1. Detection of changes in mechanical properties of the skin: Elasticity and texture are two properties that can indicate the approximate state of hydration of the body. For example, the “pinch test” is a commonly-used skin elasticity test to quickly determine if a person is dehydrated. The drawback of this approach is the lack of a defined threshold value for the mechanical property to distinguish hydrated and dehydrated states.
  2. Interstitial fluid measurement: Interstitial fluid volume drops with dehydration and can be measured using microscopic needles. However, interstitial fluid drop could be a sign of other conditions such as low blood pressure. Hence exclusively identifying dehydration as the cause is a challenge for this technique.
  3. Light-based detection: Non-invasive light patterns cast through the skin with a laser can measure changes in blood glucose that happen with decreasing water volume. As with other biological indicators, the concern here is in filtering out other confounding bodily conditions that can induce glucose increase/decrease (diabetes, nutrition, etc.).
  4. Sweat analysis: The technique most commonly used to measure dehydration is chemical analysis of sweat. Mineral content (sodium, potassium) decreases with dehydration. Conductivity of sweat varies with sodium concentration and can be an indirect measurement of dehydration. Another indication of dehydration is the density of sweat which has a direct relation to water volume in the body.
  5. pH level of skin: Dehydrated skin has a pH level similar to that of water and a device that can identify this condition should have adequate sensitivity to detect the transition from acidic (normal skin) to slightly basic(dehydrated). Alkaline skin can also be induced by natural dryness or eczema which makes it more challenging to identify dehydration as the sole cause.


While all are viable methods of determining dehydration, the approaches described above have limitations in that many cannot be easily adapted to a wearable form-factor. Other solutions suffer from confounding factors where the measurements may be influenced by values that are not related to hydration.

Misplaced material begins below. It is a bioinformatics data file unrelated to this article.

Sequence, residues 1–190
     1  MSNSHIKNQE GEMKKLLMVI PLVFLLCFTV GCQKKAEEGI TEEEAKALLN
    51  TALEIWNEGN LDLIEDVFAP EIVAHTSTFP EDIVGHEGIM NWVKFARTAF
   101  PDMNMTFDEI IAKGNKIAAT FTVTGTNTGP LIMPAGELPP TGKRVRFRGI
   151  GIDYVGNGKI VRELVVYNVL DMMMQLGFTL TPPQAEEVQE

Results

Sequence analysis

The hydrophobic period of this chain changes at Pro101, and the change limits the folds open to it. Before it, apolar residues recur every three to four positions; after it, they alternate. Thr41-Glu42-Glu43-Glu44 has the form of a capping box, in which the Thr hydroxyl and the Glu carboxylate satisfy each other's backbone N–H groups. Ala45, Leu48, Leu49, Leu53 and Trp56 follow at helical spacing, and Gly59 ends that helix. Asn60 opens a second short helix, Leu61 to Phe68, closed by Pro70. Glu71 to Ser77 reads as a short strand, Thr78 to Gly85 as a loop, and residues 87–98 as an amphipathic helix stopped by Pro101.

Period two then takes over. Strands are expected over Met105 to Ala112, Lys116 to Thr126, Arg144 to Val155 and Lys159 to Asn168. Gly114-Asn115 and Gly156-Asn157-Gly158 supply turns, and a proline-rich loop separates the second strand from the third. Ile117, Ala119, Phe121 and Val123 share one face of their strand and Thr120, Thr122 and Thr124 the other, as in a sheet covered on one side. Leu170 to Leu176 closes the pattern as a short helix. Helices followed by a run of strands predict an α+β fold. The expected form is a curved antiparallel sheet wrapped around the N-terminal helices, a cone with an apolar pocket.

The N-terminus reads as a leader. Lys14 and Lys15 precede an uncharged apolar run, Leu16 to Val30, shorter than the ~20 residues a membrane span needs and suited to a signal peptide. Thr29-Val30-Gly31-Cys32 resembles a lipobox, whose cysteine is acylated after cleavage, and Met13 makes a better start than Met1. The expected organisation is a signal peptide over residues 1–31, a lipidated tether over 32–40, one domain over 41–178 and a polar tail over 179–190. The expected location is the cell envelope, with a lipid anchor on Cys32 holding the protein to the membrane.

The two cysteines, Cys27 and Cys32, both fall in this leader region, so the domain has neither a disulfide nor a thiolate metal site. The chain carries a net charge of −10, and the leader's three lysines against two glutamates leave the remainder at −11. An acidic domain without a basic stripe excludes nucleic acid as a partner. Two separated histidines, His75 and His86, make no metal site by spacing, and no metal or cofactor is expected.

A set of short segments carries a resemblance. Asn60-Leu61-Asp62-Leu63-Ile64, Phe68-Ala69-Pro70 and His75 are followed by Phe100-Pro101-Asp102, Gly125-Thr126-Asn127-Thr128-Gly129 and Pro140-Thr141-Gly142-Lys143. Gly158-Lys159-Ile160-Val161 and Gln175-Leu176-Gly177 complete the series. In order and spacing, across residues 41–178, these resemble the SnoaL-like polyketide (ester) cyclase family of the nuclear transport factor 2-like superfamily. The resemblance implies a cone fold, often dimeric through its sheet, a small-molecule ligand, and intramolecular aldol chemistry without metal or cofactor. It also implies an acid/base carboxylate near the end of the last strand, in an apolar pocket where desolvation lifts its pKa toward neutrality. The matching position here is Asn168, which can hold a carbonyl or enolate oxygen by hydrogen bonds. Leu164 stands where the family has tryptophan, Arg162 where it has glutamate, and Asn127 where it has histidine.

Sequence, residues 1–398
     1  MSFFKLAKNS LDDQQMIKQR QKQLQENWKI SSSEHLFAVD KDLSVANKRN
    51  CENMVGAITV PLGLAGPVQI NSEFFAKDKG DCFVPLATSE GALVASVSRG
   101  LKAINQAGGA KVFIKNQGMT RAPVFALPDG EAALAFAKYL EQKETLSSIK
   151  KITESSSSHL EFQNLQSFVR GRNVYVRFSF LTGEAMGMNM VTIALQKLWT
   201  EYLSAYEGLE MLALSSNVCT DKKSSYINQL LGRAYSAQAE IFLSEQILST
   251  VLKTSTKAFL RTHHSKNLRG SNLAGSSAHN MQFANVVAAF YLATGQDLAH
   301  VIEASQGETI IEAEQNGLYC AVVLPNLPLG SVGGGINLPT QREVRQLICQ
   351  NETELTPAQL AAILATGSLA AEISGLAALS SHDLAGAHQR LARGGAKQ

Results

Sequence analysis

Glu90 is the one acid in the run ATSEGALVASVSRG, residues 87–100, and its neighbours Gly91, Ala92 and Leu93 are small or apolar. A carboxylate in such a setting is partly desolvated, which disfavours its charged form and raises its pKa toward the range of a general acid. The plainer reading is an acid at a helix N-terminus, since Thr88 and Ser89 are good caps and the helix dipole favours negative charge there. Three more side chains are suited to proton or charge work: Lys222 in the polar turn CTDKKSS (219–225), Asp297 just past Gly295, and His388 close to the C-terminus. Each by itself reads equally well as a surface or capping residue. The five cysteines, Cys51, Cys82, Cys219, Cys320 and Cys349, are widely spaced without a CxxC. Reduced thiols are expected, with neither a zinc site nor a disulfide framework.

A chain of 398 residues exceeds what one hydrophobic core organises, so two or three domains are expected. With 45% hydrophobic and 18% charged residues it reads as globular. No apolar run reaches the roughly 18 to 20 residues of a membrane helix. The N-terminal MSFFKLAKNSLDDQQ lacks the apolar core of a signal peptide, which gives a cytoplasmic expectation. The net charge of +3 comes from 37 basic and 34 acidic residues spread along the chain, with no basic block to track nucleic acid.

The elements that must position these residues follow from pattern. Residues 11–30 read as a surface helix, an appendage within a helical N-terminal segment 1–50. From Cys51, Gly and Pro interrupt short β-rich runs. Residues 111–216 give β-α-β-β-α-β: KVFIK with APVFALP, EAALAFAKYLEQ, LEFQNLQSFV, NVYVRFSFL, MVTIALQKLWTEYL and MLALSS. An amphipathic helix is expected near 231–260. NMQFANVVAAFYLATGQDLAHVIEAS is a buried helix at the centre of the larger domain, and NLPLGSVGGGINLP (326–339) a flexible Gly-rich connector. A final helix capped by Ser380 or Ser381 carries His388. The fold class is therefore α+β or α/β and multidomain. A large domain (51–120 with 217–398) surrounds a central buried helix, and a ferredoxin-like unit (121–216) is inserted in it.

This project tries to address sedentary dehydration through bio-impedance analysis. Measurement of body impedance is a technique that has the advantage of being directly related to the total volume of water in the body (Total Body Water) which is equivalent to the hydration state of the body.


Theoretical background

Total body water (TBW) provides an estimate of the water content of the body as a percentage of total weight. The relative hydration state of the body is related to TBW which can be estimated by bioelectrical impedance analysis. Our design aims to emulate this function. Empirical observation correlates the hydration of the body inversely to the impedance measured. A model used by Deurenberg relates TBW volume with height in centimeters (H), weight in kilograms (W), age in years (A), sex (S, 1 for male, 0 for female), and impedance at 50 kHz (Z50):

   TBW = 6.53 + 0.3674·H2/Z50 + 0.1753·W – 0.11·A + 2.83·S             (1)

Bioimpedance is measured by introducing a signal of a particular frequency or multiple frequencies through electrodes placed on the skin. 

Figure 2  Voltage output measurement circuit for skin impedance